The Cricketing Librarian has been reading Scandinavian crime lately – giving an eloquent thumbs-up to Stieg Larsson, Johan Theorin, Arnaldur Indridason, and (not Scandinavian, but also recommended) Colin Cotterill. Well played, sir.
Placelogohere at Live Journal makes note of the popularity of Scandinavian mysteries, but he (or she?) thinks Stieg Larsson’s trilogy is overrated, not matching Mankell’s subtlety. I prescribe equal parts Fossum, Alvtegen, Arnaldur, and Liffner if you want to increase your subtlety intake.
Bernadette in Oz reacts to Asa Larsson’s The Black Path. Whenever I hear about the death of professional book reviewing, I am comforted that people like Bernadette are the future. You can’t tell me any paid reviewer does a better job than she does. Or if you did, I would assume your logic board needed replacing.
Mike Shatzkin who is bullish on e-books makes some predictions for the near future. The one I agree with is “In the digital world, geographical territories will be found not to make much sense.” That’s already true for the reader and has been for years. My reading communities are without borders, and when I want to buy a book, those borders won’t stop me. (Thank you, Bookdepository!) Unfortunately, what makes sense and what corporations actually do rarely seem to coincide. Where once we had to choose between Beta and VHS, we now have one kind of DVD – but five regional codes to restrict the flow of those DVDs across borders. Somehow globalization gets all local when it comes to making money. So we have millions of workers having to leave home to survive because their local economy has been “globalized,” but unable to do so legally because their work permits have not been globalized. (I’m not sure how this works in the EU, but in the Americas, free trade has made a ginormous mess of things. By the way, I moderate comments so don’t bother going all Lou Dobbs on me.) While readership is increasingly global, and hallelujah for that, the corporations are trying to find ways to induce artificial regional scarcity. Thus doth craven commerce make pirates of us all.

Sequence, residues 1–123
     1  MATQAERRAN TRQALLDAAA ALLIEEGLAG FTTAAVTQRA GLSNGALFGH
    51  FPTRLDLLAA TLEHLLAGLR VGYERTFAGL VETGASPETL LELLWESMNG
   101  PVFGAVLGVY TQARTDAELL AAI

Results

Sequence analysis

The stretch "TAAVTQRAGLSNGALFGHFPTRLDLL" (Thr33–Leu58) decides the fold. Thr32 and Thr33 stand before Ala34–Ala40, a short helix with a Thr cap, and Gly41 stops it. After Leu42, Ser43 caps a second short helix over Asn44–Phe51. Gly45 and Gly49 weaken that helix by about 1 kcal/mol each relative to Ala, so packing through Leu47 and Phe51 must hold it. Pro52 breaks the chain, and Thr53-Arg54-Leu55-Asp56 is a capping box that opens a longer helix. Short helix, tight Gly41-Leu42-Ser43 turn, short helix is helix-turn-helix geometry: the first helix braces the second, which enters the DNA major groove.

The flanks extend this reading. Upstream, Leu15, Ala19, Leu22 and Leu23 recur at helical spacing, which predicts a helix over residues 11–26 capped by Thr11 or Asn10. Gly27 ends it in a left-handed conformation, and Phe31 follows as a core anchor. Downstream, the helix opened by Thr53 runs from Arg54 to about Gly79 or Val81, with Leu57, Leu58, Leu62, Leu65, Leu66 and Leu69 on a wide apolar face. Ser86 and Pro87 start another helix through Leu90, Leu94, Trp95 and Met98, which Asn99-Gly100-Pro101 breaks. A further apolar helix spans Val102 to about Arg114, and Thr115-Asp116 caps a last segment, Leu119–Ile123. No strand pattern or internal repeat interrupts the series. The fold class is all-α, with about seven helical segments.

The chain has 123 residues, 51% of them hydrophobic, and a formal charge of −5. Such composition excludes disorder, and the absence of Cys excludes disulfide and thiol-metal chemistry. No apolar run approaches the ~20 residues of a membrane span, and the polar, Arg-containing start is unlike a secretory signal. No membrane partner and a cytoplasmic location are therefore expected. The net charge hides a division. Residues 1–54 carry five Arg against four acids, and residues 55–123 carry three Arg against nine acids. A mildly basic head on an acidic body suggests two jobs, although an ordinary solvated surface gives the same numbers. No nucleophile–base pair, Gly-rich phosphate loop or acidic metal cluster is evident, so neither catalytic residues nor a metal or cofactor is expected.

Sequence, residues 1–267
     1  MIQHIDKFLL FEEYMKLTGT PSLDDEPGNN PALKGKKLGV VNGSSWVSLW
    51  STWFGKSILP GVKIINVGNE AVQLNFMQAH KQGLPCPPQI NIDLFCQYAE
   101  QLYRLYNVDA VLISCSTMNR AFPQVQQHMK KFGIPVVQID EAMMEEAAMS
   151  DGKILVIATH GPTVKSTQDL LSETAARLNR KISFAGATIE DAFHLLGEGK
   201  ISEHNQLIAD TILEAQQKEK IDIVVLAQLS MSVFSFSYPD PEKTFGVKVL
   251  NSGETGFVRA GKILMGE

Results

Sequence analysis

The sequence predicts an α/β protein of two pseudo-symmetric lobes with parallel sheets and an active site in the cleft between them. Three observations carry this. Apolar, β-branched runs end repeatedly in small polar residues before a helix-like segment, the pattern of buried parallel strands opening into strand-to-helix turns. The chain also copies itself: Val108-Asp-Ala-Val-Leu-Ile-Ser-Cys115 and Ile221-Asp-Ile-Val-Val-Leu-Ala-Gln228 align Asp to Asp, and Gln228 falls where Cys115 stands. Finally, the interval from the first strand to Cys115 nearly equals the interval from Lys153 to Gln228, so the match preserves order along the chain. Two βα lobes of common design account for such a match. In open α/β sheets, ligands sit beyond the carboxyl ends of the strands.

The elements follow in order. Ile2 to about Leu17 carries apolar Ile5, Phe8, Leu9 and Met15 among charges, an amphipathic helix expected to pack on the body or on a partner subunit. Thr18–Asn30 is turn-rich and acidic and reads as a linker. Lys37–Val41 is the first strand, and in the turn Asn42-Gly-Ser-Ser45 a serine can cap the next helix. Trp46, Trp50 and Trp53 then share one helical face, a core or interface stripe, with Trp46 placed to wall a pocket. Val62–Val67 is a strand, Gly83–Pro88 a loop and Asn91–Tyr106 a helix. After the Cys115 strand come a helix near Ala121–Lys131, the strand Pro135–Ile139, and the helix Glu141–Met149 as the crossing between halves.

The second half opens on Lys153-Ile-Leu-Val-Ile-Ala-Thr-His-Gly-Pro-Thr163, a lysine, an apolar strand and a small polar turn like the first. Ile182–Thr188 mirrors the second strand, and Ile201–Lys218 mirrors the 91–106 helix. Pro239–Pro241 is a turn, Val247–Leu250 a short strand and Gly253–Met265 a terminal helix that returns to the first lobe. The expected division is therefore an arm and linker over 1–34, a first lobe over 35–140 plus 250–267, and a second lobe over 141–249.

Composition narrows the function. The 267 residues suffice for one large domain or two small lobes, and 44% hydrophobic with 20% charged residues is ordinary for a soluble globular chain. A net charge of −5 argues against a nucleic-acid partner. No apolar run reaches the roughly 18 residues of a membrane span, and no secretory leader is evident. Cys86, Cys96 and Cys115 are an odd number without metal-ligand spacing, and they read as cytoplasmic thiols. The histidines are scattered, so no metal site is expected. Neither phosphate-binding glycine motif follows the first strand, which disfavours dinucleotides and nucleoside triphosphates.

By the way CNN is sounding the alarm on book “piracy”. The odd thing is, when I first started putting together a website on Scandinavian crime fiction, a lot of popular Swedish and Norwegian authors didn’t have websites. Maybe it’s a Scandinavian thing. People are modest. The first links that would come in a search were torrent sites. This does not appear to have destroyed the market for their books. William Patry challenges the whole rhetoric of this (and points out that both the film industry and the music industry are making plenty of money in spite of missteps and “piracy”) in a really interesting book, Moral Panics and the Copyright Wars, which I reviewed elsewhere.
I will now descend from my soapbox. As you were.
photo plucked from the Creative Commons pool at Flickr happens to be (!!) courtesy of swanksalot, a favorite Flickr contact of mine. In fact, one of his photos is going to be on the cover of my next book. How’s that for weird synchronicity?